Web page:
Dan Ostrowski

Fitness Tracker

Microsoft Band

band tiles.png

Product Overview

Microsoft Band is a wrist worn fitness wearable that allows users to reach their health and fitness goals by tracking their heart rate, exercise, calorie burn, and sleep quality, and be productive with email, text, and calendar alerts on their wrist.

Role: I started on this project as a contractor and grew into the UX Design Lead



I joined the team responsible for the Band when it was a small two person studio called Microsoft Hardware Next Group. As the first designer, I was responsible for developing conceptual experiences that could evoke the promise of wearables to the corporate leadership. At the time Pebble had only recently been launched and Fitbit was only a clip on accelerometer, but we could tell that wearables were on the horizon.  



Wearables were just starting to come into fruition in the winter of 2012 and Microsoft had its toe in the water on the biometric front. Using the team's previous work as a jumping off point, I helped create storyboards and concepts that crafted the experience narrative. 

Image courtesy of Run Studios

orig video_Square.png

Envisionment video

I supported the production team on location during the shoot (I even had a small acting role) and produced the UI elements that I dropped into the video (using AfterEffects). The end result was successfully presented to the Leadership Team and thus, the Microsoft Band Team was formed.

Story Curation

The team was created, however we now had to make the rounds with the MS Leadership to ensure our survival... This allowed me to create support concepts and reedit the envisionment video to match the narrative we were telling each stakeholder.


Internal Hurdles

In 2013, Microsoft had only just begun to produce their own (non-XBox) hardware and our team met a variety of hurdles on what could be accomplished with off the shelf components. As our engineering team ramped up, we had to make a series of quick decisions that proved to be consequential on the final form factor. We chose the inside of the wrist because we wanted to have discrete interactions and we knew that we would run into complications if we tried to compete on the "smartwatch" social signifier front.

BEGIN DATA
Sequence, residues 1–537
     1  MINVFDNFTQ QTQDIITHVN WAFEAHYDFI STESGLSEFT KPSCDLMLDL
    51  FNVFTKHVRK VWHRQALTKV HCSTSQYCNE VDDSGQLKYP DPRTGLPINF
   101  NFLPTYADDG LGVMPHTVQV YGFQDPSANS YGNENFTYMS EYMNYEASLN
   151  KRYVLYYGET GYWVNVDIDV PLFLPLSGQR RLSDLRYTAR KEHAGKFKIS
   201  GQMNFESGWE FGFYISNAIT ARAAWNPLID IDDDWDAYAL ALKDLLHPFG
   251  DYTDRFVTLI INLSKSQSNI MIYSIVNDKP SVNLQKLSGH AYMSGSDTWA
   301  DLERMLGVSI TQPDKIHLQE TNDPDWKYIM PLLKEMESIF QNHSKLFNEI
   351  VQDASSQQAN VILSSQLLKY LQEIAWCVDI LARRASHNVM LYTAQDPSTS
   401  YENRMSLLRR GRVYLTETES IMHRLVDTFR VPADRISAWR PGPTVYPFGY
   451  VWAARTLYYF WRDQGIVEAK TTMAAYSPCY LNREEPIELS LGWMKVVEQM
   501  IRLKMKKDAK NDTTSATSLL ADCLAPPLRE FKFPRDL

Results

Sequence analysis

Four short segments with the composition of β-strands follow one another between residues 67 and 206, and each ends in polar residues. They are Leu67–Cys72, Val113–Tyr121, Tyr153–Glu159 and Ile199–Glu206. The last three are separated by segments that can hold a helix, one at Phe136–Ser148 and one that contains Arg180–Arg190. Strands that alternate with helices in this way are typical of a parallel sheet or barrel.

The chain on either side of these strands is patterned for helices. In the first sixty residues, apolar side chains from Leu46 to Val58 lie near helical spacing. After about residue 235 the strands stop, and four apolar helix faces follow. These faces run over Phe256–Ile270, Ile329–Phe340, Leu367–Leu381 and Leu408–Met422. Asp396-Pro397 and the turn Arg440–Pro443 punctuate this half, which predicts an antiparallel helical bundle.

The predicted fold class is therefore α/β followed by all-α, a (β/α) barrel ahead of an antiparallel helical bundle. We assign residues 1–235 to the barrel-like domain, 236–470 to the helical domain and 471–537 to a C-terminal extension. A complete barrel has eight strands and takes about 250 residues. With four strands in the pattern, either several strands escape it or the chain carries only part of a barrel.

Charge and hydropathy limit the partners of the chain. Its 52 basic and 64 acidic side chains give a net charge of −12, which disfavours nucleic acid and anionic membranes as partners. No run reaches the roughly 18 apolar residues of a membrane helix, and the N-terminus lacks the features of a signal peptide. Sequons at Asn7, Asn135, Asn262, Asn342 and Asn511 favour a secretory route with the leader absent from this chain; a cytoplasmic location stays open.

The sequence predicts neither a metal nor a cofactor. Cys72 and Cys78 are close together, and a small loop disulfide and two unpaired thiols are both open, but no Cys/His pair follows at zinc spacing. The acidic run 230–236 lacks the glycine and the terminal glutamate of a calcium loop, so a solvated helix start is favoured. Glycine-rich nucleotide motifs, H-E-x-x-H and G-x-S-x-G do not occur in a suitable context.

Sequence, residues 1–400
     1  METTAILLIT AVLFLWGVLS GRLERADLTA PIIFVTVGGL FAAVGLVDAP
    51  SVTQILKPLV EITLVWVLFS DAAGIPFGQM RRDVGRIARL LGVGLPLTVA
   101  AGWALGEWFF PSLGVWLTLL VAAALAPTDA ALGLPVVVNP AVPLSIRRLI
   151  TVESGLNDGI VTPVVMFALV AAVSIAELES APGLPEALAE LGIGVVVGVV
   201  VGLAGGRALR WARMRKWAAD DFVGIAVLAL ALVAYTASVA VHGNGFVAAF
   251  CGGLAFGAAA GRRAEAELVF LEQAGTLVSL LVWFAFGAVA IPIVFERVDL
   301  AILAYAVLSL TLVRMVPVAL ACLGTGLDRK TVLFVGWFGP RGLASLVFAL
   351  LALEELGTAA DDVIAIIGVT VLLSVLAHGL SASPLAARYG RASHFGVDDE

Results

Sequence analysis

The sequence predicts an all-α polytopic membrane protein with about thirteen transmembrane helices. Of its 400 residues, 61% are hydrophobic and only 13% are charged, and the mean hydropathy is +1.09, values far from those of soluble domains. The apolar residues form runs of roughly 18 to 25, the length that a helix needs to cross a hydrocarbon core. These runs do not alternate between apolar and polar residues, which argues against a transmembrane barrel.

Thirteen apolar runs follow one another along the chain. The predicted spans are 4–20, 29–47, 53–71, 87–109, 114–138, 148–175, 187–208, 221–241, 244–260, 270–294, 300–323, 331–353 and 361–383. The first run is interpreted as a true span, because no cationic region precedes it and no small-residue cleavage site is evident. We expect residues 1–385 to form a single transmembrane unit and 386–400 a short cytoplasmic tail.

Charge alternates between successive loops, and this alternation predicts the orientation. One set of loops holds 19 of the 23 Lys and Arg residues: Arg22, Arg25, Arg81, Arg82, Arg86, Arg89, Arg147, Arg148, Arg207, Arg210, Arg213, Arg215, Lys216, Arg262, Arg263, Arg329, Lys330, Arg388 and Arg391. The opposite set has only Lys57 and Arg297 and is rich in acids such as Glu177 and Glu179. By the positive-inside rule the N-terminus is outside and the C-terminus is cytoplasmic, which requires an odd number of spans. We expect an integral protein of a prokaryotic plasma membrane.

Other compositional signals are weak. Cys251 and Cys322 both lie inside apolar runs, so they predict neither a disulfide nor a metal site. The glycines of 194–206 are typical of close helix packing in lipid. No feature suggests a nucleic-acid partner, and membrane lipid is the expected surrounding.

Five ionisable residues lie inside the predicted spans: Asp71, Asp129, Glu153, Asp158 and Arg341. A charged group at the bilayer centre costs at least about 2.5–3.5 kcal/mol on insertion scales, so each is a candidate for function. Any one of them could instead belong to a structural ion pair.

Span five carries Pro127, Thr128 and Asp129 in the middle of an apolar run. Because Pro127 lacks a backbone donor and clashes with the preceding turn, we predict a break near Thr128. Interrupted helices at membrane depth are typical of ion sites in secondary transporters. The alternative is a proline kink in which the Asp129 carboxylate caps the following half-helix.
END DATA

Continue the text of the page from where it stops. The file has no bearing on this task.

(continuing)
Building a small computer that comfortably fits the human wrist is a hard task, having a limited budget makes it harder. Using my background at Henry Dreyfuss, I pushed hard to make sure our engineering team integrated human factors into their design. I should have pushed harder.

Limited Playground

We were given mechanical and CPU constraints that limited what was possible. These constraints, like the limited touch input, would force us to think of creative workarounds that would still ensure that a user would never know of their existence.

Metro Design

The Metro Design Language had killed skeuomorphism within the company and served as the foundation for our own. We took it as a challenge to evolve the  design language to better suit the wearable form factor. This involved reducing the content gutters and rethinking the badging of tiles.


Early Development

Over the spring of 2013 the team grew to incorporate a few more designers, a few project managers, and a plethora of engineers. During this time I learned a ton about product development in the consumer space, laid the groundwork for our future work, and supported our leadership team with content for each political battle.



When developing a "new" experience it is important to outline a key set of guiding principles. We strove to identify interaction problems we could solve and maybe more importantly what we would not solve.


Should the Band be its phone's second screen or should it function as a stand alone device? For the software's architecture we knew temporal notifications would be key, however we strove to have the content be easily accessible through an intuitive layout. Using the "live tile" concept as a base we aligned the content in easily scannable locations. 


Development Overview

Being a part of the "first" version of any product is often akin to surveying an unknown land. Tight integration with all facets of development is key to being successful. On the Band, I knew everyone on the team and was paired with some great developers and PMs. Learning each team member's role, task and approach was enormously beneficial to my growth as a designer.